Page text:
Project or Program? You Decide

By Jack S. Duggal, MBA, PMP

Do you have a project or a program?

Deciding that question seems straightforward, but it is not. If you are in the process of defining what constitutes a program, you might find it a challenge to come up with clear criteria to distinguish it from a project.

You’re not alone. Many organizations that implement program management policies and standards have the same problem.

Typically, the idea of project management methodologies and PMOs conjures up images of bureaucracy and loads of unnecessary paperwork. In an ongoing survey of more than 1,600 project managers conducted 2001–2008 by the Projectize Group, 68 percent of PMO stakeholders perceived their PMOs to be bureaucratic.

The Standard for Program Management—Second Edition defines a program as a group of related projects managed in a coordinated way to obtain benefits and control not available when managing them individually. All projects within the program are related through a common goal.

Easy enough, right? Not quite.

What makes it difficult to distinguish projects and programs is that they share the same DNA, or genetic code, and have many similar attributes. For example, both have to manage customers and stakeholders; however, in a program all of the customers and stakeholders may not be known upfront and may change frequently.

Generally, programs have characteristics of multiplicity of projects, requirements, deliverables, customers, stakeholders, departments and interfacing organizations. However, you can use the following checklist as a more specific reference source:

  • Is the associated change wide-ranging, and designed to achieve a common goal or strategic business objectives?
  • Are there multiple deliverables staggered over a period of time?
  • Is the timescale loose and flexible focused towards achievement of benefits, rather than meeting strict deadlines alone?
  • Is the scope fluid and are dynamic changes expected?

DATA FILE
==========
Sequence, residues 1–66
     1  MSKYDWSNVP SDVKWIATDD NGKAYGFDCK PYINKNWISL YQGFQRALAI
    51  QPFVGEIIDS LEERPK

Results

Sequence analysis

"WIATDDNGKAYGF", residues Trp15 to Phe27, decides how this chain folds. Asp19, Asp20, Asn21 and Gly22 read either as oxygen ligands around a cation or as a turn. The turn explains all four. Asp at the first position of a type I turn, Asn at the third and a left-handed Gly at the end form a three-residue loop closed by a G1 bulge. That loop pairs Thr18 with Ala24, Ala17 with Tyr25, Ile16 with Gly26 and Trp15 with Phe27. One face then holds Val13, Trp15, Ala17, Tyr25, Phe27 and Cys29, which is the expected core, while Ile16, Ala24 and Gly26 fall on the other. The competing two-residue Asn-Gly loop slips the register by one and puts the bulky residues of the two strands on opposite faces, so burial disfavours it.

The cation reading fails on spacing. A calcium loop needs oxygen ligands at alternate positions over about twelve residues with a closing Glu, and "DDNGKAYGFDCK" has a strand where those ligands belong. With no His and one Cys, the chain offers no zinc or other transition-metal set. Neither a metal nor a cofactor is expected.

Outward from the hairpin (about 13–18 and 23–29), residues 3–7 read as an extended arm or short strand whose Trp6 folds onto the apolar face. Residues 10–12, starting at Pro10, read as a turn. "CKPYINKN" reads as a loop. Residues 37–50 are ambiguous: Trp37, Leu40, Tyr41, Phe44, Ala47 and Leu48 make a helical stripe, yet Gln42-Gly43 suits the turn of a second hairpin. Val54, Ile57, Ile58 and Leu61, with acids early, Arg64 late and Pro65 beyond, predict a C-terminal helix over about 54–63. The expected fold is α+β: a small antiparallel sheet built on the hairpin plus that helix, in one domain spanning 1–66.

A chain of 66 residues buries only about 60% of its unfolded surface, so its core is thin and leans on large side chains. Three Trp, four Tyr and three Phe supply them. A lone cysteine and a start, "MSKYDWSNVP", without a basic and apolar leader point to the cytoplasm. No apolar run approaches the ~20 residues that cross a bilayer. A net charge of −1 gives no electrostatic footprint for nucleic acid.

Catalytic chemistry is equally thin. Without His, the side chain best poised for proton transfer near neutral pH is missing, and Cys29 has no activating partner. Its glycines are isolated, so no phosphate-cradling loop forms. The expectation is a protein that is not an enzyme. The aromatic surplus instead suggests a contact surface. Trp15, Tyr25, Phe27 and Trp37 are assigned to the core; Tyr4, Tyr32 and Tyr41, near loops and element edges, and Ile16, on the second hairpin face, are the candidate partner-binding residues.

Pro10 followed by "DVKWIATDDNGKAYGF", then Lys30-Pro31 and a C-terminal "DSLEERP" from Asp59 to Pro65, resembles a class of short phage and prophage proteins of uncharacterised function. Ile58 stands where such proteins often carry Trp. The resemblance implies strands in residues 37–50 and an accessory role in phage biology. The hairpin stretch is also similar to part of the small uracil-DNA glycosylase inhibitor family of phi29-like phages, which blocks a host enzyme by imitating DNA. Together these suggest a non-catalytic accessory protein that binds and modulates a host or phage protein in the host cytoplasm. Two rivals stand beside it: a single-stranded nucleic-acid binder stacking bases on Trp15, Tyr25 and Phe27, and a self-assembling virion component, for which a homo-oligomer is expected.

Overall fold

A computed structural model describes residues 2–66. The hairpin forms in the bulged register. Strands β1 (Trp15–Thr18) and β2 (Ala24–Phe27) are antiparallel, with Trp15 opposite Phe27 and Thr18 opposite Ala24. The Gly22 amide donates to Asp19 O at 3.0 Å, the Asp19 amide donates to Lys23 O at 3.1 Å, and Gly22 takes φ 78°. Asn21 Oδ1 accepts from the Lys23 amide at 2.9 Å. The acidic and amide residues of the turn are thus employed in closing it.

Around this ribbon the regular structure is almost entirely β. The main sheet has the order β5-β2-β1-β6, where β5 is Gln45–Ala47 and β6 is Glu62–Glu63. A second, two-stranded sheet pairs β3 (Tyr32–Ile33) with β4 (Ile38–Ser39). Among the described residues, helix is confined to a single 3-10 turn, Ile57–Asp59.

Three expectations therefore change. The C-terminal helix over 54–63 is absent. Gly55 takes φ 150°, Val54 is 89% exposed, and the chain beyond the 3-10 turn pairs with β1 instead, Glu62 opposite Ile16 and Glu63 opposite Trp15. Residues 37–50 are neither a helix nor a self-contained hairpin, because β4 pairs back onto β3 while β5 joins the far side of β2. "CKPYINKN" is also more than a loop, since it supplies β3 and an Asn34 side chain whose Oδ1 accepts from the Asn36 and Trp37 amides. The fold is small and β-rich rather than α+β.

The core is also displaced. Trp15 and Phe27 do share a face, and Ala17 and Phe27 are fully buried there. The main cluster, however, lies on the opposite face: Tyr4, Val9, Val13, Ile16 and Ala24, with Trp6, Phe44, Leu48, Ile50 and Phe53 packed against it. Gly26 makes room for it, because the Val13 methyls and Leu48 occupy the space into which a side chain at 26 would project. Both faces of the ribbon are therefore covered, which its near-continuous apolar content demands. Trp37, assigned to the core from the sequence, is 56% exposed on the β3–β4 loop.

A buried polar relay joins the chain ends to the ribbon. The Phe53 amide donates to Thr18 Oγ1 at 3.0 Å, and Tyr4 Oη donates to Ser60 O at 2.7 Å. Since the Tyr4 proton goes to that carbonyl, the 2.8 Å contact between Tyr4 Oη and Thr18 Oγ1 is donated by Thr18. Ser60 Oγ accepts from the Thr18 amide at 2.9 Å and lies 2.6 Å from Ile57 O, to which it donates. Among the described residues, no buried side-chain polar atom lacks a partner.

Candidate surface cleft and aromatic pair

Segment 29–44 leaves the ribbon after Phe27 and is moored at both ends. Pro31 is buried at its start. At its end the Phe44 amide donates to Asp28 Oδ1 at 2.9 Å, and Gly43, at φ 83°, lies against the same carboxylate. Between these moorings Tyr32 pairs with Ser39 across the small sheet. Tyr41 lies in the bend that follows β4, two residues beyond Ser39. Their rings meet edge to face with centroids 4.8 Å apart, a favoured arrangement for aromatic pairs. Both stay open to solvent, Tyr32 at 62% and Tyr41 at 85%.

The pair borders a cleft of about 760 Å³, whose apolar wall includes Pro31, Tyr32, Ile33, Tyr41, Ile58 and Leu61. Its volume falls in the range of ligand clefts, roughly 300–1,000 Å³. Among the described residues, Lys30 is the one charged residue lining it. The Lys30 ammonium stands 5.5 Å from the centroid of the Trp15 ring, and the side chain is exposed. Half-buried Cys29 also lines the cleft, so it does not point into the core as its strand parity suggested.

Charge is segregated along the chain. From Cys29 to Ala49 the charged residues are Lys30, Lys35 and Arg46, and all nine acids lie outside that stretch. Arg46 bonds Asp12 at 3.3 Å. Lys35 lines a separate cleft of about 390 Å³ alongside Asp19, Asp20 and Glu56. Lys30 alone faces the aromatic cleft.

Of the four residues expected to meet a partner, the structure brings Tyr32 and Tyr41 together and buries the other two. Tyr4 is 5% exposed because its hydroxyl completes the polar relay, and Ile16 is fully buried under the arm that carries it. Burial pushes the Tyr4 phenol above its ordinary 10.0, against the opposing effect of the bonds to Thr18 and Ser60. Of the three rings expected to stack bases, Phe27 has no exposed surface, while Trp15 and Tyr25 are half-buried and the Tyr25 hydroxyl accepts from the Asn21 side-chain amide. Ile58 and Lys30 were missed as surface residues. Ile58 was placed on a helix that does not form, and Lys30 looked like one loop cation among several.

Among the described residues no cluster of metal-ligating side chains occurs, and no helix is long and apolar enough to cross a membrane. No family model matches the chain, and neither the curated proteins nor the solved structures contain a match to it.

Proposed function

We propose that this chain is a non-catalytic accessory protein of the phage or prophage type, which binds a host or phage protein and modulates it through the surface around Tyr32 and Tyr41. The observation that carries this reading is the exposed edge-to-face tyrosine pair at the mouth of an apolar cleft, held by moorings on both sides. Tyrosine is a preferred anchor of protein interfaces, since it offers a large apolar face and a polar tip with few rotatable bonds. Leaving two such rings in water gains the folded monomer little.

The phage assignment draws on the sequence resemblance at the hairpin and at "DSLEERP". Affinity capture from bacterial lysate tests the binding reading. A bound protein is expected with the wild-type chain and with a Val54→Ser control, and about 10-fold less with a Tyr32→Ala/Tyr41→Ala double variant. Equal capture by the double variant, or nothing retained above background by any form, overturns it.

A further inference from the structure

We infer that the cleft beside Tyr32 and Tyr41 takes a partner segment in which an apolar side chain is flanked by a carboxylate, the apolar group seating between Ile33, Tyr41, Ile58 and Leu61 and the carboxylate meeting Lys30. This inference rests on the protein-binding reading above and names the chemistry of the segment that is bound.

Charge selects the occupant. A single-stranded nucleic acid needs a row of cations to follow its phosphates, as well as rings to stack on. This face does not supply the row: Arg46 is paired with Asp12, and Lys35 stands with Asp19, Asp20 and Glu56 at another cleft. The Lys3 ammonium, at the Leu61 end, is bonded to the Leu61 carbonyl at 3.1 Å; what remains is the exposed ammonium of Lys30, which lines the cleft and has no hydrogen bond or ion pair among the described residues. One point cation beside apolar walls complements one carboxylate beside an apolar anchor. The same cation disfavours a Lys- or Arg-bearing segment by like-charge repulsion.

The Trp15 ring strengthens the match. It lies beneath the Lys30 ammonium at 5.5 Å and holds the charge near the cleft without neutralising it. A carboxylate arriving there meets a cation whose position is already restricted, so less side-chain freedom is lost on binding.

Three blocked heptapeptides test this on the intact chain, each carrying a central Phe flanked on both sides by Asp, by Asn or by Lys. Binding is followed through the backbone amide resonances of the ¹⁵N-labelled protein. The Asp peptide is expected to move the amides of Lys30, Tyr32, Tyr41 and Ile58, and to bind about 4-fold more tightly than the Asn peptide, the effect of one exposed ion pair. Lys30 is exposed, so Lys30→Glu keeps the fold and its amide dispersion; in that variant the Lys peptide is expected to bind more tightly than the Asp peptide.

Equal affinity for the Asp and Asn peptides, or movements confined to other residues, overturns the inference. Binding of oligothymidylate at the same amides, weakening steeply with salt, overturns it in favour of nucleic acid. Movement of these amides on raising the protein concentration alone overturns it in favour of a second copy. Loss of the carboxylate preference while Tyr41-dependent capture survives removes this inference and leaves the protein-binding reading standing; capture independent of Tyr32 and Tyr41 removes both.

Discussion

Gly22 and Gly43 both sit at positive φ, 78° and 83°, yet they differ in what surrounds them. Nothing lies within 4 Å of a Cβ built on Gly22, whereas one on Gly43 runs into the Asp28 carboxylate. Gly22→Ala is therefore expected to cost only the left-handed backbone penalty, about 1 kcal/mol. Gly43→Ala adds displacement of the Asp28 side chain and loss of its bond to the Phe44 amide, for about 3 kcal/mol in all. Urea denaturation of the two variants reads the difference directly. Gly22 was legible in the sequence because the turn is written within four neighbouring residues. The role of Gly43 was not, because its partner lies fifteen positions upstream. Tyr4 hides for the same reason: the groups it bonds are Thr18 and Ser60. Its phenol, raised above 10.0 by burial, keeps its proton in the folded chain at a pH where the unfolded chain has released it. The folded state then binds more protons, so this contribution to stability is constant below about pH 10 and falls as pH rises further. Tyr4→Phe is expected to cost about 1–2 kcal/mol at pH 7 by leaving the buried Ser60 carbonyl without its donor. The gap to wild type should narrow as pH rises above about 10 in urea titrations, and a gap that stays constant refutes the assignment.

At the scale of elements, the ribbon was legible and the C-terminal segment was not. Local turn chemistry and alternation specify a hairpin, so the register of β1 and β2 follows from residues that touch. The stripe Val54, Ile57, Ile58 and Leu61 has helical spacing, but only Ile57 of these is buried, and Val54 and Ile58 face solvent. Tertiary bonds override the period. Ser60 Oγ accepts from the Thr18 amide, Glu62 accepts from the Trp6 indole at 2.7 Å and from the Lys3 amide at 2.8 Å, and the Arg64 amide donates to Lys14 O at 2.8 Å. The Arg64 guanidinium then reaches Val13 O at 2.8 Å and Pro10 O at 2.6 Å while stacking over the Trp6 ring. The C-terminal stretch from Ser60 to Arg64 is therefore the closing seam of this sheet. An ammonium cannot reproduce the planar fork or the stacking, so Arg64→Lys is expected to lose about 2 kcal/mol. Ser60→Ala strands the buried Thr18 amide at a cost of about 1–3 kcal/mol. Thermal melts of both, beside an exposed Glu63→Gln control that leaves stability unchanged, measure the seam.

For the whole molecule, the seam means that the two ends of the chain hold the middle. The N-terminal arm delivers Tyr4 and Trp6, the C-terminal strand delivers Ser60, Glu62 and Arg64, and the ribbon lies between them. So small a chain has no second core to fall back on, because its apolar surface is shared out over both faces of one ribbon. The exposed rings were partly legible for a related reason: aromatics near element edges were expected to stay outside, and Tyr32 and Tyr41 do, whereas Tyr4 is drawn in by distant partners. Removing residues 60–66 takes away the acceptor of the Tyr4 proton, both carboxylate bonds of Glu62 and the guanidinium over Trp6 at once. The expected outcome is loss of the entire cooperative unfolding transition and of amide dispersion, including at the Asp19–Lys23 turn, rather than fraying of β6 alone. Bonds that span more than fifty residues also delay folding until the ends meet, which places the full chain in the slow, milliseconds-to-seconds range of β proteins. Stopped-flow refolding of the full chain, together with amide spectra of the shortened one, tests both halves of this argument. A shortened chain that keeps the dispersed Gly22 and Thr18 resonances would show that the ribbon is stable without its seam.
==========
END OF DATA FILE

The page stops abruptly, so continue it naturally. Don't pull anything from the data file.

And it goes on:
• Is there a lot of ambiguity and uncertainty?
  • Is it complex and multi-disciplinary?
  • Is it at a departmental or higher level?
  • Are benefits expected to be delivered incrementally during the lifespan of the initiative?

If you answer “yes” to many of these questions, especially the first one, then you are dealing with a program. The first question is the primary criteria. The rest are secondary, and all of them may not be necessary to qualify it as a program.

Deciding if you have a project or a program is important because it can help you to determine what management approach to use. Often, what should be run as a program is managed as a project. This can lead to failure, or a multitude of other problems.

Remember the expression: if it walks like a duck, swims like a duck and quacks like a duck, then it is a duck. You should identify the characteristics before you decide whether it is a project or a program. Some projects may not fit the common definition of a typical program.

But if they have the characteristics of dynamic changes, ambiguity, uncertainty and unpredictability with inherent complexity, they should be treated like a program. They will certainly benefit from a program approach.

Please refer to The Standard for Program Management, second edition page number 11, Table 1-1 Comparative Overview of Project, Program and Portfolio Management.

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Duggal is the managing principal of Projectize Group LLC specializing in next generation training, consulting and tools, and a PMI SeminarsWorld® leader of the seminar Building a Next Generation PMO and Portfolio Management.. For questions on the content of the seminar, or your comments and feedback, please contact Mr. Duggal.